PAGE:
Ameloblastoma is a benign neoplasm of odontogenic epithelium residing in the mandible and less often the maxilla, with an estimated incidence in the population of approximately 0.5 per million [3]. There are four sub-types of ameloblastomas, namely solid/multicystic, desmoplastic, unicystic and extra-osseous/peripheral types [4]. Ameloblastoma is typically slow-growing, but locally invasive behavior with a high rate of recurrence [5]. The vast majority of ameloblastomas (80%) arise in the mandible, and most of these are found in the angle and ramus region. When the maxilla is involved (5 to 20%), the tumor is located in the premolar region, and can extend up in the maxillary sinus. Nasal obstruction, localized facial enlargement, and bulging of the cheek, gingiva or hard palate are usually presented in maxillary ameloblastomas [1, 6]. Pain is an uncommon finding, referred in some cases, but it is not clear whether the pain is caused by the tumor itself or by a secondary infection [6].

Radiographically ameloblastomas may present as a unilocular or multilocular corticated radiolucency that may or may not be associated with an unerupted tooth. Resorption of the adjacent tooth roots can be seen. When larger it may also erode through cortex into adjacent soft tissues [7, 8]. Histologically ameloblastoma consists of a proliferation of solid strands, cords and islands of odontogenic epithelium supported by connective tissue stroma. This proliferating epithelium can undergo cystic changes [5]. The subtle behavior of the lesion and the difficulty of visualizing clinically, and, on plain radiographs may prohibit early detection [9, 10].

The goal of treatment of ameloblastoma is to achieve complete excision and appropriate reconstruction. Ameloblastomas of the maxilla generally are more difficult to treat than those of the mandible because of anatomic relationships, as well as the characteristics of the well vascularised, fragile, cancellous maxillary bones [6]. The proximity to vital structures contributes to the neoplasm extension, and thus the potentially lethal result [6, 9]. A late detection also renders adequate treatment difficult. Initial radical resection, regardless of histological variant of ameloblastoma, is almost always recommended for the tumor. As noted, inadequate initial surgical treatment yields a high chance of local recurrence [11]. Sehdev and associates reviewed 92 ameloblastoma patients and reported that the conservative approach (curettage) was followed by local recurrence in 90% of the mandible and 100% of the maxillary ameloblastoma [1]. Radiotherapy has rarely been used because it is generally believed that ameloblastomas are radioresistant. The prognosis of the treatment is basically dependent to the extension of the lesion and adjacent structures involvement rather than origin of lesion. Annual follow up for at least 10 years has been recommended as maxillary ameloblastomas are more dangerous clinically and can invade adjacent sinus and vital structures [6, 9].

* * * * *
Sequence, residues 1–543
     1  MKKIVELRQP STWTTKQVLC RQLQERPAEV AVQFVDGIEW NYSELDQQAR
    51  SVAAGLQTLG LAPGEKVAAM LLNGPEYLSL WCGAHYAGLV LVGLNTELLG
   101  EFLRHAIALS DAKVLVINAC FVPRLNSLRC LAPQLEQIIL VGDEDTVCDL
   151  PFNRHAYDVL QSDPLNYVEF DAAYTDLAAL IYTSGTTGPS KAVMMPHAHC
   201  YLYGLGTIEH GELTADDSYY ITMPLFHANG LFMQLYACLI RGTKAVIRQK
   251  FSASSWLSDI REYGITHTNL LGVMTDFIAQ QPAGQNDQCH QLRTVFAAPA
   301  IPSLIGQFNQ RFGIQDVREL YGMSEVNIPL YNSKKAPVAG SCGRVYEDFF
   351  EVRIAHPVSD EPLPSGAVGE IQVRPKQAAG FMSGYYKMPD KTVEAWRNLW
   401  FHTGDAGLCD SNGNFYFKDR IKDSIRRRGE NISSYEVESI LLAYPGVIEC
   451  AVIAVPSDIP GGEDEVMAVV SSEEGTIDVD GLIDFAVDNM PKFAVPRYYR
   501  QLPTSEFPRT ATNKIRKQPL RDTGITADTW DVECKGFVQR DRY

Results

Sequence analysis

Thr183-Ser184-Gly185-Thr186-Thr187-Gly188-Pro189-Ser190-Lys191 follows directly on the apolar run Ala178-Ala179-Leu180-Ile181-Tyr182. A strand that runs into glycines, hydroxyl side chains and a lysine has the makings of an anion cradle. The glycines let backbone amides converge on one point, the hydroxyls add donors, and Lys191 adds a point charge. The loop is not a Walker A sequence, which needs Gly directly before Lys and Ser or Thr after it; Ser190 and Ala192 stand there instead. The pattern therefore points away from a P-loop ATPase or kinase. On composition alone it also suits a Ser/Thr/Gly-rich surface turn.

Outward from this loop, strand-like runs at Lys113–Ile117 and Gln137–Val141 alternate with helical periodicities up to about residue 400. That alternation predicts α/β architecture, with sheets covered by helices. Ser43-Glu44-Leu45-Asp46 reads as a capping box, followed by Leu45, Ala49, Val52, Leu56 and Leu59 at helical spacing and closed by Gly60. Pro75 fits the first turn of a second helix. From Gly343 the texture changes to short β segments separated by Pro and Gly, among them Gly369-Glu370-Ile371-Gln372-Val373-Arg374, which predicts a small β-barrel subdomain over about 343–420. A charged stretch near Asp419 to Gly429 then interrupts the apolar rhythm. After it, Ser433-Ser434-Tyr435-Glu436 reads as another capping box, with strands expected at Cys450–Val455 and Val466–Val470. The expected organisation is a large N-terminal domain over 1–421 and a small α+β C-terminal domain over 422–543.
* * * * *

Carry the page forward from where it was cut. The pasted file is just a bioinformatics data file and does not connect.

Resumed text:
Conflict of Interests

The authors declare that there is no conflict of interests regarding the publication of this paper.

 

Figure 1: The orthopantomograph revealed a unilocular radiolucency extending from premolar to molar regions with root resorption of teeth 25 to 27, missing teeth 18, 28 and 48, and impacted tooth 38.

 

 

Figure 2: Computed tomography showed a cystic lesion with thin bony walls extending from the left maxillary alveolar process into the maxillary sinus. Multiple amorphous calcifications were noted.

 

 

Figure 3: Tc-99m MDP bone scan performed to determine the extent and activity of the lesion revealed an avid unilocular tumor (arrow) in the left maxilla.


Citation: Chu YK (2016) Maxillary Ameloblastoma: A Pictorial Case Report. Ann Case Rep: ACRT-106. DOI: 10.29011/2574-7754/100006.